Someone who lives in the village discovered a "scratch dial" on the
church wall. Do you know anything about them? We are quite fascinated.
WELL, I had never heard of a scratch dial either, and started my own search
The enquiry came from my mother, who still lives in the village where I grew
up. Attending the church school involved us in visits on very cold Ash
Wednesday mornings (no heating in those days), and festivals for Mothering
Sunday and Easter. We also had the church as our main contact with history, and
wrote stories, drew pictures, and rubbed brass with determination. But we never
heard about a scratch dial, which now suggests to me that 1950s people were not
aware of its existence - but there it is on the outside wall.
The scratch dial consists of a radiating set of lines emanating from a small
hole. A stick placed in the hole threw a shadow on to the radiating lines to
give an approximation of the time, so that the priest could start mass at a
regular time. Think of it as a primitive sundial, placed vertically on a
south-facing church wall. The whole dial is a few inches across, and the stick
(posh name: gnomon) would have been a twig the size of a pencil.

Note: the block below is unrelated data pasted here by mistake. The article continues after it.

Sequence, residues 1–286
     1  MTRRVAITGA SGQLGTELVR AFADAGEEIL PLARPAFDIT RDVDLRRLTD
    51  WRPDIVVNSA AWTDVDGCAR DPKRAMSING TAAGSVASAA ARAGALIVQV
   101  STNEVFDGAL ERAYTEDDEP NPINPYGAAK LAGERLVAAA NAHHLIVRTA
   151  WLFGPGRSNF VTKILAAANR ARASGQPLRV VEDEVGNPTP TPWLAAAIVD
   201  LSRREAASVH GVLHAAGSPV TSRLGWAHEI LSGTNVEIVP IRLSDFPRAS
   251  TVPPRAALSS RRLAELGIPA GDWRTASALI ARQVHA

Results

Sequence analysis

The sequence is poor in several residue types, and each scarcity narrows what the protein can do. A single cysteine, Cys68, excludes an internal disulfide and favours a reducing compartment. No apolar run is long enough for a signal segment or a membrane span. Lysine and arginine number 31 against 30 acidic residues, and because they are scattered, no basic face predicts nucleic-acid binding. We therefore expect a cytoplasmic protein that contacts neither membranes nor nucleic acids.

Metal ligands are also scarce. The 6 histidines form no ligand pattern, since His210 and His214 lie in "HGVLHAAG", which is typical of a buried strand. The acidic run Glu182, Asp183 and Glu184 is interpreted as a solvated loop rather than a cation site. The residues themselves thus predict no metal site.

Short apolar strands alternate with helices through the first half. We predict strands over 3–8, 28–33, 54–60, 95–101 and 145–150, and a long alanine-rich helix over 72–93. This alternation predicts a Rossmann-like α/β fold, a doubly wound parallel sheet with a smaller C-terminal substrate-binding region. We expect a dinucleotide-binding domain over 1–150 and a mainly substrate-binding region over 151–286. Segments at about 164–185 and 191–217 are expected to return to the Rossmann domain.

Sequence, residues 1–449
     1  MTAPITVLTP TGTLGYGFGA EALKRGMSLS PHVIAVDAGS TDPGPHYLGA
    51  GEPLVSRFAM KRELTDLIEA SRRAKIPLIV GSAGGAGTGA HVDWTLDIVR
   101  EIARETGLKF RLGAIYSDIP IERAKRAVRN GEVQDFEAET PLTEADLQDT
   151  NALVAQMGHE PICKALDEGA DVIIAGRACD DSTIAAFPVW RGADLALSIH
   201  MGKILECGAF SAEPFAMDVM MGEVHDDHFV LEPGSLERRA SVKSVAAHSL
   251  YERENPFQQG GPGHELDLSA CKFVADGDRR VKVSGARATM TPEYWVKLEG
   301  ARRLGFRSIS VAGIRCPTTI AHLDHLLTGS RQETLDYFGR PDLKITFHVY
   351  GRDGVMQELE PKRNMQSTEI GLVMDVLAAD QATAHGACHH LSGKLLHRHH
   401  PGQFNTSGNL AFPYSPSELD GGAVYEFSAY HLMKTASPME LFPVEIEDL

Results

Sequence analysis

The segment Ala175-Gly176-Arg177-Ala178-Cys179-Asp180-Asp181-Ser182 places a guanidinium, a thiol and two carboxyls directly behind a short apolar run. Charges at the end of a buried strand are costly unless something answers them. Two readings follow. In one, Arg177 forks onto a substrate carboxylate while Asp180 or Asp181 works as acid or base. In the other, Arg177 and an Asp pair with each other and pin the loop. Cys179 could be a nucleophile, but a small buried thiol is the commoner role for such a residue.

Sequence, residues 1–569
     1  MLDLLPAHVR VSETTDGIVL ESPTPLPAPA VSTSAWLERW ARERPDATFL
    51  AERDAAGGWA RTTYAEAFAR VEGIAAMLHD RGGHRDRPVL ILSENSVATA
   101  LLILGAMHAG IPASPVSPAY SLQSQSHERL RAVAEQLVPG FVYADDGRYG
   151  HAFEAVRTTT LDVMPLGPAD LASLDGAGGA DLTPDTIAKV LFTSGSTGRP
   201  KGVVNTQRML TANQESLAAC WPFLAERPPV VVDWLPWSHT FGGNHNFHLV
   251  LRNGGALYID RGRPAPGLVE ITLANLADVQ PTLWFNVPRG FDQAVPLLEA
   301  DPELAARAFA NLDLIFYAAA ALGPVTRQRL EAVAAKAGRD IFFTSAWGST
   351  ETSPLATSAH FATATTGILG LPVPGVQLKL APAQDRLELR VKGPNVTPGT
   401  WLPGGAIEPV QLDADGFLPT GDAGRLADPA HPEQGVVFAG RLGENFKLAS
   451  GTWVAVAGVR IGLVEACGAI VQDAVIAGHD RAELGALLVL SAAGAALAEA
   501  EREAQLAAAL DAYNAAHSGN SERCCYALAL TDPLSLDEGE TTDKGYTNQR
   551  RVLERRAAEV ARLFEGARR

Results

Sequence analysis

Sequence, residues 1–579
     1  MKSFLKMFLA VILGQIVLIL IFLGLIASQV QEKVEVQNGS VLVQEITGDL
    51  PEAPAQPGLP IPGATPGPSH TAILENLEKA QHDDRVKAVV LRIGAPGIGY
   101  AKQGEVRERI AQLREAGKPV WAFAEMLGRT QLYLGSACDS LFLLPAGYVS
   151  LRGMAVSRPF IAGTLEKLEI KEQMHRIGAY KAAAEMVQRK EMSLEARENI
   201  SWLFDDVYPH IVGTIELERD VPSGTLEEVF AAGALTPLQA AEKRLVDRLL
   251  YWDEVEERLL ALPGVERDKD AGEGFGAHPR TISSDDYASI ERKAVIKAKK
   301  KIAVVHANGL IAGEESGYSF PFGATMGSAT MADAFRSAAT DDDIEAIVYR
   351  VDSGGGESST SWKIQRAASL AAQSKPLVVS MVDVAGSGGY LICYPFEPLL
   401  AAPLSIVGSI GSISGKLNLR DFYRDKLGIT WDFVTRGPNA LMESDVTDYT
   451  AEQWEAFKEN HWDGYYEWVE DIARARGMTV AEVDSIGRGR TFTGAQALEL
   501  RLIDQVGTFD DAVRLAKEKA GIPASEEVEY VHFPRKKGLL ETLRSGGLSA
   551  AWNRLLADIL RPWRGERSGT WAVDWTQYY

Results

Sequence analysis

For a while it was thought that scratch dials dated from Saxon times, but
more recent thought puts them nearer the Norman Conquest. The newly discovered
dial is at Ludgershall, Buckinghamshire, but there are several thousand in
medieval churches around the country.
The chancel windows of this church are some 300 or 400 years later than
Norman, but it does have a Norman font and doorway; so perhaps more of the
walls, apart from the windows, date back to the Norman church. Mind you, the
village might just have been behind the times in installing its scratch dial -
it is still only a tiny farming village, probably the same size as its Domesday
When so many churches around the country are trying to re-establish
themselves in the cultural, social, and architectural heritage of their
neighbourhoods, discoveries like this one create a new link with lives and
stories of the past that will fascinate children and adults.
Do other churches have undiscovered features that resonate with the
limitations of people a thousand years ago? Village churches struggle for
survival, but renewed interest in the history and insight they offer to
children can be a new point of engagement with schools and drop-in visitors.
Did local farmers call in from the fields to check the time, sticking a twig
in the scratch dial, or did they wait for the dial-reading priest to ring a
bell before downing tools and heading for church? Did they attend the daily
offices or did they only do Sunday mass? What does the scratch dial lead to in
the life experience of our ancestors?
I am sure some readers will contact me about scratch dials in ancient
churches, but part of me is curious about what other fascinating little titbits
of the church story I am missing.
Maybe in summer I should join one of those cycle tours of country churches,
but I'd probably never get past the first one, hunting its nooks and crannies
for undiscovered secrets.